A mother is accused of dragging a woman through her car’s window and driving off after the latter “booped” her daughter on the head.
The 34-year-old, who is not named for legal reasons, was refused bail when she appeared in the ACT Magistrates Court on Monday (16 October).
The woman heard yelling outside her home on Saturday (14 October) night and saw several people on the street, including the mother’s 13-year-old daughter, who was wearing a traffic cone on her head, police allege in court documents.
The daughter was allegedly yelling obscenities at the woman’s sister. The documents say the woman approached the group and tapped the traffic cone on the daughter’s head to try to “lighten the mood”.
But the girl allegedly started screaming at her, claiming she’d grabbed her. She also reportedly spat towards the woman, so the latter pushed her away.
Shortly afterwards, a car allegedly came around the corner at high speed, then drove towards the woman before swerving to the side at the last second.
It is alleged the mother, who was driving, pulled up alongside the woman, screamed at her, then grabbed her by her jumper, pulled her through her car’s window and punched her in the face.
She allegedly drove forward for about 10 metres while the woman’s legs were dangling in the air.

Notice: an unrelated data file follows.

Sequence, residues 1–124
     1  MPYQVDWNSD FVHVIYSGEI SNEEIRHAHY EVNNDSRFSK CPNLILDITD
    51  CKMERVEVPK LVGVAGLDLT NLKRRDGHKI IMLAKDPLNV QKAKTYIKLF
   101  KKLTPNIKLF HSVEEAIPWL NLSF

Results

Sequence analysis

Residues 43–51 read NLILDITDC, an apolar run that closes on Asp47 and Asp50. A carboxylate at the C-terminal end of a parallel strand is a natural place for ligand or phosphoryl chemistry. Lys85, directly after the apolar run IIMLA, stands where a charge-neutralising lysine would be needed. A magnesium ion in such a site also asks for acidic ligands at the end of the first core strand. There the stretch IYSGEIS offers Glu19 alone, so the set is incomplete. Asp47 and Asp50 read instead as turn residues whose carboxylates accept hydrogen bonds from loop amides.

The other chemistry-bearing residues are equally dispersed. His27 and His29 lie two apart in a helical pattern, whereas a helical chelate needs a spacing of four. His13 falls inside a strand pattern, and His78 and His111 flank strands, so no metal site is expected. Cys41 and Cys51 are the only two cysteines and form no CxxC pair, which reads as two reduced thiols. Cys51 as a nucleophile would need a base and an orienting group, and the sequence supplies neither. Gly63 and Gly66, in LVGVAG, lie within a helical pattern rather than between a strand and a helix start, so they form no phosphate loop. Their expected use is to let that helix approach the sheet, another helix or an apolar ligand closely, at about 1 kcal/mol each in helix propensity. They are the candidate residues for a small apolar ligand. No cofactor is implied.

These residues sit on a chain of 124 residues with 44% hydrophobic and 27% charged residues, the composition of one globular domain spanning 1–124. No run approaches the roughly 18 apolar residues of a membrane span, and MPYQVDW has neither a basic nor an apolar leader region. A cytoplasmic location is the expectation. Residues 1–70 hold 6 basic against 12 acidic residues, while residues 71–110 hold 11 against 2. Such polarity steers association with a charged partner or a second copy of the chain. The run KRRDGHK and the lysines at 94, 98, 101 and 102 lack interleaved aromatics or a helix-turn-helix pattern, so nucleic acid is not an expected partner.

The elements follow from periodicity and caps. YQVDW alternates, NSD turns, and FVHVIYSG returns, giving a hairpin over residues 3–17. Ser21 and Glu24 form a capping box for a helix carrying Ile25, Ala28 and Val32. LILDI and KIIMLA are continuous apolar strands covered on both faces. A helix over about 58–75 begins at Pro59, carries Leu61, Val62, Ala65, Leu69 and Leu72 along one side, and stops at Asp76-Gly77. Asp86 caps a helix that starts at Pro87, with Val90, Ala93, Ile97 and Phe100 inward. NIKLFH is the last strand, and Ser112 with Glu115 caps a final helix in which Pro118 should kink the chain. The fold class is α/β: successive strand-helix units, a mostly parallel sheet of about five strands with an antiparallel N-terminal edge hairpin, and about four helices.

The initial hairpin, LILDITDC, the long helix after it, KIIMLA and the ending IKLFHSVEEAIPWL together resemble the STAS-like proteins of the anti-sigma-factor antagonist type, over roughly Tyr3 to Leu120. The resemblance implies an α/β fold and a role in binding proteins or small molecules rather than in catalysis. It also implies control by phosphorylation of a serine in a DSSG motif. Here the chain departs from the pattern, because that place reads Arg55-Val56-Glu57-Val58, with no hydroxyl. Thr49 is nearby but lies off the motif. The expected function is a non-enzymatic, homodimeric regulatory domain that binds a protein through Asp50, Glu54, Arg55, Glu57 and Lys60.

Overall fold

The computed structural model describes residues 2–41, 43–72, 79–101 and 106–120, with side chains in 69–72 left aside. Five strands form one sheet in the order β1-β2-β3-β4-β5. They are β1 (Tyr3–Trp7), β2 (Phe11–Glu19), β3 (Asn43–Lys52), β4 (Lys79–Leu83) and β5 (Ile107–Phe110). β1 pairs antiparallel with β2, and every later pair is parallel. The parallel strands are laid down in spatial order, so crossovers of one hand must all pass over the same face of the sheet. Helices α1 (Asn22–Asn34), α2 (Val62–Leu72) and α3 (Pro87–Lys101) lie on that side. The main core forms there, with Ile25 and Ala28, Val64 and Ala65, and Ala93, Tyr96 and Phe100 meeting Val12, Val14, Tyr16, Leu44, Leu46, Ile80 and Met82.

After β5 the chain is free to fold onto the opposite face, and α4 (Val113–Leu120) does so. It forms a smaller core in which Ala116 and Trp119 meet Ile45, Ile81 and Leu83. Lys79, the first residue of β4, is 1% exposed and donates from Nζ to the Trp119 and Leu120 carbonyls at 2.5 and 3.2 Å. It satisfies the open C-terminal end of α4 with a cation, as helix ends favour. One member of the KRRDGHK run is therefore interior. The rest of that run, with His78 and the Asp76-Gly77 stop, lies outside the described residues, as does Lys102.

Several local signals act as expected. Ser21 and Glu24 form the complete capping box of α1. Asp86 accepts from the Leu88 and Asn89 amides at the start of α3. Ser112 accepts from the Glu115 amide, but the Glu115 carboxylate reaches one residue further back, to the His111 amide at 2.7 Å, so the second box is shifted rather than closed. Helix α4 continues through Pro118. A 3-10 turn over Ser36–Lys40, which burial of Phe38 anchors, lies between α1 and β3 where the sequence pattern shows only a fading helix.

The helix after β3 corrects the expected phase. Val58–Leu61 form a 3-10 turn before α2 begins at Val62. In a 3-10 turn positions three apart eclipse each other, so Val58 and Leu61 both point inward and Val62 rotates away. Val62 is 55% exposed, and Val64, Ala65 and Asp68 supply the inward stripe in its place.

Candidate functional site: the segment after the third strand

The woman allegedly managed to pull away and get out of the car. She had a bruise on her arm, scratches to her hand, and pain to her chest, neck and shoulder.
The mother was arrested on Sunday before appearing in court the next day where she was charged with assault and dangerous driving and applied for bail.
Her lawyer, Legal Aid’s Brandon Bodel, said the allegations were, in part, that the woman had gone up to a 13-year-old and “booped” her on the head.
He said his client had six children, five of whom lived with her and it would be a lot of responsibility for the eldest of those to look after the others if she was remanded in custody.
Mr Bodel also claimed no nexus between his client’s alleged actions and the woman’s injuries. He argued there were certain allegations that his client had done certain things, but there was a big question of “how these injuries got there”.
However, Special Magistrate Sean Richter said he did not think the prosecution had an overly weak case and noted that tragic family circumstances were not uncommon in criminal law.
“I take great pity on the children and I am concerned about them,” he said.
He refused bail. The matter was adjourned to later in October.